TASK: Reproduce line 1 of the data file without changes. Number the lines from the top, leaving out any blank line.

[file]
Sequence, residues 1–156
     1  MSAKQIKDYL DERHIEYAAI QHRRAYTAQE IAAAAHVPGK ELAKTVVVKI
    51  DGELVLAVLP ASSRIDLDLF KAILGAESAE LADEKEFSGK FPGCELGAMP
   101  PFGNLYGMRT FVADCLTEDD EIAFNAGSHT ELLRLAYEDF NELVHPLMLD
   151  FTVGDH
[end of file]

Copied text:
Sequence, residues 1–156